||A letter of unity by Mohan
||I write this with a lot of sadness, relief and hope, form what has happened
in the past few months. As a Tamil, (and proud to be one) I deeply feel that
together, we can build the burnt bridges and pave a path to peace,
happiness, equality and prosperity for us and for the future generations to
We cannot forget what happened for the past three decades, however we need
to put aside our emotions, despair and remember those lives, which were lost
in bloody war in the name of “equality”. We (Tamils) have to now reconcile
||and win the trust of the nation. For decades, we have been secretive,
unpredictable and uncompromising. Sure enough, we were discriminated in the
past, deprived of our equal rights and treated unfairly. Now we have to give
the nation a chance to prove that, it is not the case.
We have to let go of the past and not react to our feelings in an irrational
and selfish way. We talk about the 1953 era, of the riots and how the Tamils
were discriminated and treated badly. In 1953, the whole world was a
different place and had a different attitude. In America blacks could not go
in to a restaurant or a supermarket or attend a white school, the aborigines
in Australia did not have any rights. Now America has a black president, and
the Aborigines have equal rights; we Tamils now have to give it a chance for
change to happen in our motherland. We are hanging on to views and
ideologies, which formed thirty years ago, which are not appropriate
anymore. I think that, in the past 20 years we have created a doubt in the
minds of the Sinhalese and the nation, making them wonder whether every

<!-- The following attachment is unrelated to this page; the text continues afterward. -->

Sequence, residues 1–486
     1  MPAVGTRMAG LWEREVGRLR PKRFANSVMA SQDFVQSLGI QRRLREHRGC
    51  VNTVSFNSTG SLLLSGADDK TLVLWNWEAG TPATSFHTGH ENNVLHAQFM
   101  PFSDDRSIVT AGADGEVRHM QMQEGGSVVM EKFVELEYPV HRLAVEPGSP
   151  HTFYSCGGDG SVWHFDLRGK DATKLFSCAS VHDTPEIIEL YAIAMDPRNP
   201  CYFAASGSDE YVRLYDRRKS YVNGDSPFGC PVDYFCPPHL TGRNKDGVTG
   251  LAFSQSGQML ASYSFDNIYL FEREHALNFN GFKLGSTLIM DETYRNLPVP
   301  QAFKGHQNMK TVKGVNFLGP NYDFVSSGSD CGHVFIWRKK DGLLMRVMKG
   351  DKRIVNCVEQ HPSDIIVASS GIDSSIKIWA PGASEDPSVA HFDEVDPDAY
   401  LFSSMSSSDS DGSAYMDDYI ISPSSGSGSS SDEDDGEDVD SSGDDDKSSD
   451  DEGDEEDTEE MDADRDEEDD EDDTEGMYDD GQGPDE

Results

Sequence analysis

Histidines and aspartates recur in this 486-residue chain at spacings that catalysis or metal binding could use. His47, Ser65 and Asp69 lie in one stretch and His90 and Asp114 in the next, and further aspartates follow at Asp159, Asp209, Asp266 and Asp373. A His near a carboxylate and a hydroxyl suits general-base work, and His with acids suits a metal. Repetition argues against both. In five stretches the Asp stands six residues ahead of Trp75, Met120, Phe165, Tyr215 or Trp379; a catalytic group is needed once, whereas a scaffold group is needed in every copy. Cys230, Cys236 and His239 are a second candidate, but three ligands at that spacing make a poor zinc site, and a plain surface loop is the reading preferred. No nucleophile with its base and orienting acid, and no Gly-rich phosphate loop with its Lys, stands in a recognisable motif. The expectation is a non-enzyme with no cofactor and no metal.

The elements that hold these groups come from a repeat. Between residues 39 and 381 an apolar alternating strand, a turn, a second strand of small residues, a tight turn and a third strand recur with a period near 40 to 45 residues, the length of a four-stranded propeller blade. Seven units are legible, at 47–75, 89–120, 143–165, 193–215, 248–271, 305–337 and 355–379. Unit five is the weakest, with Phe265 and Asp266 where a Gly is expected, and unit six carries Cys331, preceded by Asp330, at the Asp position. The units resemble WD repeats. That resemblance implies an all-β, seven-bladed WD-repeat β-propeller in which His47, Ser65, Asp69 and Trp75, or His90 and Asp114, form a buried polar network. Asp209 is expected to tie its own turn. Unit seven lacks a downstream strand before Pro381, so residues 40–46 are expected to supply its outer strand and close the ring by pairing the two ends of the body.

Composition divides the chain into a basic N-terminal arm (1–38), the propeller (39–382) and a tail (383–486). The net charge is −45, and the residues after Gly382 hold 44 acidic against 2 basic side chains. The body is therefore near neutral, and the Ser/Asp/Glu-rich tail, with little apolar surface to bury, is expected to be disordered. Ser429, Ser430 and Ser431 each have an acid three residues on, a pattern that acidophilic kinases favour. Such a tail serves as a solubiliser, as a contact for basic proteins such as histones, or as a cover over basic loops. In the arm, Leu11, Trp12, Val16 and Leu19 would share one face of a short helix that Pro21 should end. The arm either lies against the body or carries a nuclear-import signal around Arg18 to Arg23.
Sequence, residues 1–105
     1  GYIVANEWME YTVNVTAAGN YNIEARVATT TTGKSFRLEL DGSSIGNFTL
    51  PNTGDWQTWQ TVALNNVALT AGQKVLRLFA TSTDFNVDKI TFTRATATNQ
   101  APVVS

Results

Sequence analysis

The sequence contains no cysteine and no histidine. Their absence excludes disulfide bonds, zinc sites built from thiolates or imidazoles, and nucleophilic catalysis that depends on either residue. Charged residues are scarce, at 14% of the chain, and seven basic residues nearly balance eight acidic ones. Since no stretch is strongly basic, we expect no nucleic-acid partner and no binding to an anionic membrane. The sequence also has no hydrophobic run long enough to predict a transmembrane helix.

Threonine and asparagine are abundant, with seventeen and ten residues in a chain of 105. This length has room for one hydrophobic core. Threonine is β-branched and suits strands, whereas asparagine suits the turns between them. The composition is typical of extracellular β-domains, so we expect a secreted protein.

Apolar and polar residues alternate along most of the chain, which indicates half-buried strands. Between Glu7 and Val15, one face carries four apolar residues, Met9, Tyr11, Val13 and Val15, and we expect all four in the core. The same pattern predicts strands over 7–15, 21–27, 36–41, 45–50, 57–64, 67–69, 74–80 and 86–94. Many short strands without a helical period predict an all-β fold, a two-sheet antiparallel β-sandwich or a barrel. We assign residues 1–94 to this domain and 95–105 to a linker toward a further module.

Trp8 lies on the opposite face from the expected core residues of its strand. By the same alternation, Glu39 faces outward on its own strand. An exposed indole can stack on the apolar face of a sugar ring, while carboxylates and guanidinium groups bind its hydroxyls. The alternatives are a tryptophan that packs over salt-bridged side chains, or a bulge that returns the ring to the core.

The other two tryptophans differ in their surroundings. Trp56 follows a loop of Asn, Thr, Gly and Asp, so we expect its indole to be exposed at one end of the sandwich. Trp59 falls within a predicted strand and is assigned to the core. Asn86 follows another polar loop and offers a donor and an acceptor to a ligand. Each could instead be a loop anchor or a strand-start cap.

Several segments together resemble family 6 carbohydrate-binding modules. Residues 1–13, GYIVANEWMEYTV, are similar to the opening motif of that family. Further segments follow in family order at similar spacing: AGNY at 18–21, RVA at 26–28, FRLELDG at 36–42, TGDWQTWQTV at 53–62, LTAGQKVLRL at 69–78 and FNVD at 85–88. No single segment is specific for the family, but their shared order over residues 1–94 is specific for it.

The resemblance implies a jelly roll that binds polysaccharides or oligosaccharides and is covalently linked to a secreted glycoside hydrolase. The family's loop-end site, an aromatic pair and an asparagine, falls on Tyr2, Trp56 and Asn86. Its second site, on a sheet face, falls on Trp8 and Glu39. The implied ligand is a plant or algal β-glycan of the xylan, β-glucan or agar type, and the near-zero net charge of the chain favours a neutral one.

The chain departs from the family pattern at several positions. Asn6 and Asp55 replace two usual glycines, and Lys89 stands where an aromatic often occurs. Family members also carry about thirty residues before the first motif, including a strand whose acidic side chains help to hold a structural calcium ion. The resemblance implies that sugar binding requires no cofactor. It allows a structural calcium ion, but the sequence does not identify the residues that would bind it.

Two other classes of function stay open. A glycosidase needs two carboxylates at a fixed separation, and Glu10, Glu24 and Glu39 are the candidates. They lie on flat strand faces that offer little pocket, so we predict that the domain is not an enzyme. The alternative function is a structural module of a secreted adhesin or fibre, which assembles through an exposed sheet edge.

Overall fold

other Tamil is a Tamil Tiger or not.
Prior, to 1988, before I left to Australia, I remember after a rugby game at
Longden Place and a few (in my context) drinks at the club, going home in
the early hours of the morning, my only fear was whether I will be stopped
and breathalysed and charged for DUI. In the later years in my many trips to
SL, the fear was whether I would be subject to harassment because of my
Tamil name. Why do you think it is so? Is it not because of the war, the
suicide bombings? All of this distrust of Tamils started after the war
began. So, did we not create this for ourselves? This is not only happening
to the Tamils, in fact If you send money to the US or visit the US bearing
an Arabic name, you are scrutinised vigorously, which began after “9/11”.
The Arabic world calls it “discrimination”.
In 1983, the news of the death of 13 soldiers sparked an organised riot, and
over 2000 Tamils lost their lives and over 100,000 Tamils were displaced.
The nation soon realised that it should not have let it happen, and the
wider community shared the same sentiment. In 1996 a raid on a Military camp
in Mullaitivu by the Tigers, 1,500 soldiers were killed, yet there was no
repeat of 1983, or for that matter since 1983 several thousand soldiers
have lost their lives and we did not see a repeat of 1983.
We talk about “Genocide”, which is a very powerful and compelling word. No
doubt, that many women and children have lost their lives, but one has to
remember in every war, innocent people loose their lives. There is blame on
both the armed forces and the Tigers. Let's not be the judge of that, let the
appropriate organisations investigate and report the findings.
The Tamil Diaspora and number of organisations are having protest marches
and their websites are relentlessly publishing calls for the IC to intervene
about the mistreatment and harassment of the civilians. However much we are